Apps such as IKEA Place allow customers to visualize how items of furniture would fit into their living space. Rather than having to purchase incorrectly sized items and return them when they do not work for a room, customers can use this AR mobile app to “place” items of furniture in a room in order to get a sense of its dimensions in relation to the space and surrounding items. While these app predate the Covid-19 pandemic and resulting lockdowns, they lend themselves perfectly for this situation. Customers are able to buy online with more confidence in their purchase at a time where they are unable to see furniture in person in a physical store. In addition, ‘try before you before’ helps to reduce the rate of returns, which can be an inconvenient process for large or bulky furniture regardless of lockdown regulations.
AR also can be used to simulate interior decorating changes, such as paint colours. Dulux’s Visualizer app allows users to get an idea of how a space with a new paint colour, without having to purchase and swatch the paint themselves. Users can trial colours on the walls of their home using their app, and then are able to save their favourites or order directly through the app, providing a clear path for users to complete transactions. While the app is not a new development for the Dulux brand, it allows consumers to continue to engage and purchase products with increased convenience and ease. The app has undergone various developments, and now factors in the difference in lighting for outdoor and indoor walls, and can be used to alter wall colours from photos, rather than only live in AR.
Wayfair have taken what has now become an industry standard of using AR and started to move a step further with their app Wayfair Spaces. Integrating AR with a VR approach, Wayfair allow their customers to enjoy an even more immersive experience when planning their homeware and interior design. Users are able to view a range of rooms, and use these for not simply furniture placement, but also broader decorating and design. With homeware having already established a strong presence in the world of AR retail, we can only expect to see increased innovation and a continued shift towards mixed reality as brands within this sector seek to set themselves apart.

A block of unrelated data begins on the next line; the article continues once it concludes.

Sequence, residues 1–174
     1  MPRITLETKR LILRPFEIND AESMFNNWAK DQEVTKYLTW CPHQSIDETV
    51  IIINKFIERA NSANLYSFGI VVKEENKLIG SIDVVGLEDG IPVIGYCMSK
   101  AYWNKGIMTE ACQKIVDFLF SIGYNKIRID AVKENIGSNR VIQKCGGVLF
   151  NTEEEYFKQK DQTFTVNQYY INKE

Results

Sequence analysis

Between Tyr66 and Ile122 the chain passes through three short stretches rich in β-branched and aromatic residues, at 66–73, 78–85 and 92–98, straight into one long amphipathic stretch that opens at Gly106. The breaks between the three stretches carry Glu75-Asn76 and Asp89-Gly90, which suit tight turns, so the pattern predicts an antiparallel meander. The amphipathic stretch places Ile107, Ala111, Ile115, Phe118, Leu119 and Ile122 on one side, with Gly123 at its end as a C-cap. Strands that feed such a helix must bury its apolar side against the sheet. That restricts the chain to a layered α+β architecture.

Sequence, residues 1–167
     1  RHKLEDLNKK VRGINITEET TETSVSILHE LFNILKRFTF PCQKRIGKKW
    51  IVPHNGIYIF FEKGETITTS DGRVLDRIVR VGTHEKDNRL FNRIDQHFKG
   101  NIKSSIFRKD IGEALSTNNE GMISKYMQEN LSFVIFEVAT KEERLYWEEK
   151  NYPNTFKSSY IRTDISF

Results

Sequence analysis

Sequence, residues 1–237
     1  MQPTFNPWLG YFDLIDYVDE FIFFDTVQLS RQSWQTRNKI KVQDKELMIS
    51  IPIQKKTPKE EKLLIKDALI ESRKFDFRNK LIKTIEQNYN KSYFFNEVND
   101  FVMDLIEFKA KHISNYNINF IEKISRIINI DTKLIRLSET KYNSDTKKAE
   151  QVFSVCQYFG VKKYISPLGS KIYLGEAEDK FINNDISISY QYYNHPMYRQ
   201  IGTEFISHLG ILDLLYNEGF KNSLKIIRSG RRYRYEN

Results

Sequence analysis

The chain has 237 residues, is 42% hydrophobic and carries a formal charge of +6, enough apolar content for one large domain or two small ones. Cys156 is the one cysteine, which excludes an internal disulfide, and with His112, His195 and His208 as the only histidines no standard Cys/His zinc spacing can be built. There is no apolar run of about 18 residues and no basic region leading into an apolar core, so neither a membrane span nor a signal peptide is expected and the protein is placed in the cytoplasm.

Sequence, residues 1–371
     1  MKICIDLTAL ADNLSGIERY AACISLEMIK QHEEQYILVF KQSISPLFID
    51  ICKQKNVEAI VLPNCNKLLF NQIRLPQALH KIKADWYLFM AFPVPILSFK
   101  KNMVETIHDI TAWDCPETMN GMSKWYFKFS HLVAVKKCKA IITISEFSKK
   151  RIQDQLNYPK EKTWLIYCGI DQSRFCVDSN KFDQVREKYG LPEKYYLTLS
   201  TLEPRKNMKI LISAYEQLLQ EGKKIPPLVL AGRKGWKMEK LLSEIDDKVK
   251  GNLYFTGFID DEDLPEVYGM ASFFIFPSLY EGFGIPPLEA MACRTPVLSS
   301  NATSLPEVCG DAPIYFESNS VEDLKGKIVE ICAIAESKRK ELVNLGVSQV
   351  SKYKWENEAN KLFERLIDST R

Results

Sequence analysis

AR/VR in Beauty
The beauty industry is a perfect fit for AR/VR experiences. Providing ultimate personalisation will be even more key in a world where users are less likely to engage with physical product samples after the pandemic peak. With 80% of consumers more likely to buy if their retail experience is personalized (McKinsey), these technologies provide a modern makeup solution to encourage users along the buying journey. For users who are weighting up whether or not to buy, augmented reality will make beauty products more accessible, memorable and real. From increased inclusivity to virtual consultations, discover how beauty industry giants have been using AR/VR below to heighten excitement around their brands.
L’Oreal (VR + AR) - this is one pioneering brand that has been channeling virtual reality solutions to bring the most effective store experience to users. They have used VR to help with future store design concepts (working to understand the optimal store layout and product shelf placement, and receiving feedback through their Consumer Technical Center), allowing them to get everything just right before bringing in developers. Geoff Meade (L’Oreal’s AVP of Ecommerce Strategy) has commented: “We used to physically build everything before we could get a true feel of what something would look like. This solution gives us the ability to further refine and test concepts without incurring those development costs.”
Spotting a way to support users during the pandemic and age of video calls, L’Oreal also created the ‘Signature Faces’ digital makeup line. This allows users to ‘wear’ makeup via filters on live video platforms including Google Duo, Zoom and Instagram, allowing customers to experiment with 10 products. This represents a great way to spread the word about L’Oreal’s products whilst also providing users with real value, a solution to new issues rising from their increasingly digital lifestyle. On top of this, it’s a clever way to increase the channels through which consumers can then find the L’Oreal site.
Nutox (AR) - Malaysian skincare brand Nutox takes this personalisation a step further by analysing the skin condition of potential customers through its AR technology. It identifies issues with skin (wrinkles, hyperpigmentation, dullness, dryness) and tracks improvement after the user has begun or altered their skincare routine.
2021 trends in beauty will be something all beauty brands should aim to keep pace with. AR/VR can offer solutions to keeping on top of the following trends:
- Inclusivity – with big brands rightfully expanding their ranges more and more (Fenty by Rihanna launching 40 foundation shades in 2020), makeup ‘try-ons’ mean that all product shades can be offered digitally, as opposed to a more limited range of physical in-store samples